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Length extension attack

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In cryptography and computer security, a length extension attack is a type of attack where an attacker can use Hash(message1) and the length of message1 to calculate Hash(message1 message2) for an attacker-controlled message2, without needing to know the content of message1. This is problematic when the hash is used as a message authentication code with construction Hash(secretmessage),[1] and message and the length of secret is known, because an attacker can include extra information at the end of the message and produce a valid hash without knowing the secret. Algorithms like MD5, SHA-1 and most of SHA-2 that are based on the Merkle–Damgård construction are susceptible to this kind of attack.[1][2][3] Truncated versions of SHA-2, including SHA-384 and SHA-512/256 are not susceptible,[4] nor is the SHA-3 algorithm.[5] HMAC also uses a different construction and so is not vulnerable to length extension attacks.[6] Lastly, just performing Hash(messagesecret) is enough to not be affected.


The vulnerable hashing functions work by taking the input message, and using it to transform an internal state. After all of the input has been processed, the hash digest is generated by outputting the internal state of the function. It is possible to reconstruct the internal state from the hash digest, which can then be used to process the new data. In this way, one may extend the message and compute the hash that is a valid signature for the new message.


A server for delivering waffles of a specified type to a specific user at a location could be implemented to handle requests of the given format:

Original Data: count=10&lat=37.351&user_id=1&long=-119.827&waffle=eggo
Original Signature: 6d5f807e23db210bc254a28be2d6759a0f5f5d99

The server would perform the request given (to deliver ten waffles of type eggo to the given location for user "1") only if the signature is valid for the user. The signature used here is a MAC, signed with a key not known to the attacker.[note 1]

It is possible for an attacker to modify the request in this example by switching the requested waffle from "eggo" to "liege." This can be done by taking advantage of a flexibility in the message format if duplicate content in the query string gives preference to the latter value. This flexibility does not indicate an exploit in the message format, because the message format was never designed to be cryptographically secure in the first place, without the signature algorithm to help it.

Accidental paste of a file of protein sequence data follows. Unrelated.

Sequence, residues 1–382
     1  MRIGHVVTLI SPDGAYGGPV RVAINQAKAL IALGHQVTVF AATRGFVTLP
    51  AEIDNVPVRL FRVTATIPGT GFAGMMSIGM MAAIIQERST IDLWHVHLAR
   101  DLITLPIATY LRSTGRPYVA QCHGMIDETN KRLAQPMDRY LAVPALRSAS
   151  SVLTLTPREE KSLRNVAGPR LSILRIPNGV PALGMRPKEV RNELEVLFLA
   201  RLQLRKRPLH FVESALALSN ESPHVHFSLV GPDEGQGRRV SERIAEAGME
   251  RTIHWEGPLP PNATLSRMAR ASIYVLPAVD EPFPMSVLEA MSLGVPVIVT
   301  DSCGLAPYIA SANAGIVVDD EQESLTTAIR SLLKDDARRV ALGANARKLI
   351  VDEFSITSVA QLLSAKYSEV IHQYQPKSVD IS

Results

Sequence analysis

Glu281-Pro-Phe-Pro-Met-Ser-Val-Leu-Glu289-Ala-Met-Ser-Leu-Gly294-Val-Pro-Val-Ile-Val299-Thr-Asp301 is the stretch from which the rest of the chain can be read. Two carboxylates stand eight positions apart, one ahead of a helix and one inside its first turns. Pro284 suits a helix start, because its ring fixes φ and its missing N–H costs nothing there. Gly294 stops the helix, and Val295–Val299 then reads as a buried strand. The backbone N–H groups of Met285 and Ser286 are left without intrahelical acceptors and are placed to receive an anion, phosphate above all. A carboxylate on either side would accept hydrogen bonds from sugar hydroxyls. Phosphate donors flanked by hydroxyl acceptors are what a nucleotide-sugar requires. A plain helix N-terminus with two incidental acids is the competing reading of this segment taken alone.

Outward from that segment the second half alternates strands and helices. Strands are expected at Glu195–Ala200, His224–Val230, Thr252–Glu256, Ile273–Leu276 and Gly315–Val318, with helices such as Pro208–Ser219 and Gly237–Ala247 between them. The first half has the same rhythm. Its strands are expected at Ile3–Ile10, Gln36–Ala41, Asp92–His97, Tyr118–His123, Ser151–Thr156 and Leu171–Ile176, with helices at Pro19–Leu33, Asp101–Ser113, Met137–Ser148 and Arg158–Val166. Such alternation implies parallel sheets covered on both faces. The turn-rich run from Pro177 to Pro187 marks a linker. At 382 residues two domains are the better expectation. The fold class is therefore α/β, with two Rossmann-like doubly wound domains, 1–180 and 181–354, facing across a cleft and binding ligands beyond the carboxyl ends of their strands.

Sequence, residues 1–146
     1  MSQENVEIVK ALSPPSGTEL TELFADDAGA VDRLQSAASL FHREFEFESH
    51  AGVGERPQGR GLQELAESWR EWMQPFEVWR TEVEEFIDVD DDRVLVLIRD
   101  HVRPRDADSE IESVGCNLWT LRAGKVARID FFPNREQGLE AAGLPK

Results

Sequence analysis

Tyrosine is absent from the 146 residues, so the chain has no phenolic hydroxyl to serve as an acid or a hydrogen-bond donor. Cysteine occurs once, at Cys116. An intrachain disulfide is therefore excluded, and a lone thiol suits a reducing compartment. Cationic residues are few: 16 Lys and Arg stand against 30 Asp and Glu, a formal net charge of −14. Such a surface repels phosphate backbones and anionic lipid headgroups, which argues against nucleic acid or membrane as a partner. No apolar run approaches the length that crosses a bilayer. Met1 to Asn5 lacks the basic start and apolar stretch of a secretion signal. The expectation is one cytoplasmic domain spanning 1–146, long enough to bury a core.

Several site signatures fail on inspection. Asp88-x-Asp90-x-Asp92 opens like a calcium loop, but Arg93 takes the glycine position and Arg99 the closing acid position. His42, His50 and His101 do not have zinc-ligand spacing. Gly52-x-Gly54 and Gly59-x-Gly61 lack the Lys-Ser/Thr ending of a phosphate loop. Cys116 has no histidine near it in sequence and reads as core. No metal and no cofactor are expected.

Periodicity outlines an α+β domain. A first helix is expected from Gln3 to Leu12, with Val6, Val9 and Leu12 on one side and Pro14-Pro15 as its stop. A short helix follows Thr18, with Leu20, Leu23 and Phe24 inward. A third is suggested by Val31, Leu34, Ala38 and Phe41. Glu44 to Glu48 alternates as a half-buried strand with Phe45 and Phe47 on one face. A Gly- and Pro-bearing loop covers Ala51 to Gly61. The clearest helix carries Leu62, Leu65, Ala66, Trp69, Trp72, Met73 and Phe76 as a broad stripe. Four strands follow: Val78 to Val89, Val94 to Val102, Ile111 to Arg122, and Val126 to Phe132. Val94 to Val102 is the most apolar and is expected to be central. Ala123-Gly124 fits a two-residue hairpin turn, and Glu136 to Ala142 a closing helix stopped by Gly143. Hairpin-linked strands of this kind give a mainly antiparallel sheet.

Desired New Data: count=10&lat=37.351&user_id=1&long=-119.827&waffle=eggo&waffle=liege

In order to sign this new message, typically the attacker would need to know the key the message was signed with, and generate a new signature by generating a new MAC. However, with a length extension attack, it is possible to feed the hash (the signature given above) into the state of the hashing function, and continue where the original request had left off, so long as the length of the original request is known. In this request, the original key's length was 14 bytes, which could be determined by trying forged requests with various assumed lengths, and checking which length results in a request that the server accepts as valid.

The message as fed into the hashing function is often padded, as many algorithms can only work on input messages whose lengths are a multiple of some given size. The content of this padding is always specified by the hash function used. The attacker must include all of these padding bits in their forged message before the internal states of their message and the original will line up. Thus, the attacker constructs a slightly different message using these padding rules:

New Data: count=10&lat=37.351&user_id=1&long=-119.827&waffle=eggo\x80\x00\x00

This message includes all of the padding that was appended to the original message inside of the hash function before their payload (in this case, a 0x80 followed by a number of 0x00s and a message length, 0x228 = 552 = (14+55)*8, which is the length of the key plus the original message, appended at the end). The attacker knows that the state behind the hashed key/message pair for the original message is identical to that of new message up to the final "&." The attacker also knows the hash digest at this point, which means he knows the internal state of the hashing function at that point. It is then trivial to initialize a hashing algorithm at that point, input the last few characters, and generate a new digest which can sign his new message without the original key.

New Signature: 0e41270260895979317fff3898ab85668953aaa2

By combining the new signature and new data into a new request, the server will see the forged request as a valid request due to the signature being the same as it would have been generated if the password was known.


  1. ^ This example is also vulnerable to a replay attack, by sending the same request and signature a second time.


  1. ^ a b Vũ, Hoàng (2012-03-30). "MD5 Length Extension Attack Revisited - Vũ's Inner Peace". Archived from the original on 2014-10-29. Retrieved 2017-10-27.
  2. ^ Duong, Thai; Rizzo, Juliano (2009-09-28). "Flickr's API Signature Forgery Vulnerability" (PDF). Retrieved 2023-03-18.
  3. ^ Meyer, Christopher (2012-07-30). "Hash Length Extension Attacks". Retrieved 2017-10-27.
  4. ^ Bostrom, Michael (2015-10-29). "size_t Does Matter: Hash Length Extension Attacks Explained" (PDF). Retrieved 2020-11-23.
  5. ^ Keccak Team. "Strengths of Keccak - Design and security". Retrieved 2017-10-27. Unlike SHA-1 and SHA-2, Keccak does not have the length-extension weakness, hence does not need the HMAC nested construction. Instead, MAC computation can be performed by simply prepending the message with the key.
  6. ^ Lawson, Nate (2009-10-29). "Stop using unsafe keyed hashes, use HMAC". Retrieved 2017-10-27.